Please post any pics of the completed board.

If it’s not a secret, what PCB designer software you used to lay out the board?


KiCad (usually the latest builds from Git). Works quite well for me.

Sure, found it: https://www.pcbasic.com/

These days I rarely do more than 1 prototype run per design so for me it’s easier to go with a factory with more capabilities than JLC. Plus I avoid hand soldering like the time sucking plague it is, so I need a place that delivers a complete and working board, not with some ICs missing because they won’t carry it.

1 Like

The original iPhone PCB went through about 10,000 revisions, imagine that…

Good luck with your board and post come cool pictures.


Well, I’d do more revisions if it was feasible, but with changing times come changing work approaches. Extra engineering pays off when parts are hard to get and lead times long (as you never know if you can get the same parts a second revision).

Digging through the LCSC catalog I came across this chip, twice the price of the EG driver, but pin compatible: UNI-SEMI | UNI-SEMI U5315 | Gate Drive ICs - LCSC.COM

So compatible actually that it looks like the EG might be a cheaper version / knockoff of their older U3315 product (same datasheet images and all). The U5315 seems to switch a bit quicker and wait a bit longer (more dead-time), while doing slightly less current.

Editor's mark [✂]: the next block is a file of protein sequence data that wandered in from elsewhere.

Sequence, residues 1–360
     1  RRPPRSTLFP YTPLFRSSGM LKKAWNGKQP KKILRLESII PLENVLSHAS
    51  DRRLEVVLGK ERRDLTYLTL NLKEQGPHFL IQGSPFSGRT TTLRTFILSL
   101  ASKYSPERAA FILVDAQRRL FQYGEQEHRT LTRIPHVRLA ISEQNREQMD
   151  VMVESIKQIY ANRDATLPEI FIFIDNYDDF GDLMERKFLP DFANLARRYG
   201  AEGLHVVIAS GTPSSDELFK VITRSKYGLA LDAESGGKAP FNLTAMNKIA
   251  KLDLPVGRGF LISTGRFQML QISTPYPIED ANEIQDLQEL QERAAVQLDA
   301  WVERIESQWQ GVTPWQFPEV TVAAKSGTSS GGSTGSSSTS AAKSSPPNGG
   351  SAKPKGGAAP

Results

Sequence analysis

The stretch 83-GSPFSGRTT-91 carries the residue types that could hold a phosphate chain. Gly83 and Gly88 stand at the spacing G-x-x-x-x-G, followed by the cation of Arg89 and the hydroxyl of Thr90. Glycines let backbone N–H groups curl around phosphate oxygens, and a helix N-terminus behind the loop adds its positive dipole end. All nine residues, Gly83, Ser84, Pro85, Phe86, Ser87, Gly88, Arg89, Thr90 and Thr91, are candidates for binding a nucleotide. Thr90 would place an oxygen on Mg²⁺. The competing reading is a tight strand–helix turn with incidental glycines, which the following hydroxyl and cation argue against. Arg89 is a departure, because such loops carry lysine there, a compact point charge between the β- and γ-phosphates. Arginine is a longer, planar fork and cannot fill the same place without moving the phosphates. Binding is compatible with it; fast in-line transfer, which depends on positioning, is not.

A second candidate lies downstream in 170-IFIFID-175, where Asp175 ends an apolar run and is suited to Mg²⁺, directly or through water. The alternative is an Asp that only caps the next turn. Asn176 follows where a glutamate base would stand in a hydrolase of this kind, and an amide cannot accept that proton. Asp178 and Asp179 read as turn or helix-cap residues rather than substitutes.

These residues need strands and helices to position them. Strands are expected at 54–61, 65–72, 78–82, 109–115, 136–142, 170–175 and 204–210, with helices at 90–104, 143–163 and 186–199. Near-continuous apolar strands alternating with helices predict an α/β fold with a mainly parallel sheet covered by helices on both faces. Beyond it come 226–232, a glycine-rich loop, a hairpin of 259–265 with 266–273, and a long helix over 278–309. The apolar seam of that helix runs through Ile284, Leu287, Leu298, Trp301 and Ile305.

You are correct. Also, there is another knock-off of the same chip, if I dig a little I will show it to you. So there are four versions of this chip, Fortior, EG, UNI and that one I’ll look for, just hold on to check my database.


EG has another version of the same chip, too:

OK I was wrong, I was thinking of Princeton Tech but their 20-pin driver is not a knock-off of the UNI/Fortior, it’s a different driver similar to the Silumin driver.

These are all the TSSOP-20 drivers currently being made:


I like PCBWay, personally. Only good experiences with them.

I recently found this site, right in Europe: Build your electronic prototypes and small batch EMSFactory
Prices don’t seem too bad, PCBs are pretty competitive once you factor in shipping, tolls and EU VAT on a Chinese-made order. Assembly is a bit more.

One super-cool feature they have is instant online parts quotes from your BOM file, including availability checks across a range of suppliers. That’s a neat feature.

On the technical side, I looked at your design a bit more @StefanH, and for what my amateur opinion is worth, I like it.

It’s for up to 25V? The EG driver datasheet is a bit unclear if it supports 20V or 25V…
And do I see correctly that the 5V is always externally supplied, via the JST (USB) port?

1 Like

The EG driver is up to 600v on the high side and 12v on the supply side with 3.3v compatible logic, if I could decipher the really poor documentation even in Chinese. I very seriously doubt this driver could survive 600V however. In the same document it says it’s up to 300v. Doesn’t really inspire too much confidence. Also, there is a reference to a VDD pin which doesn’t even exist, so they probably meant Vcc.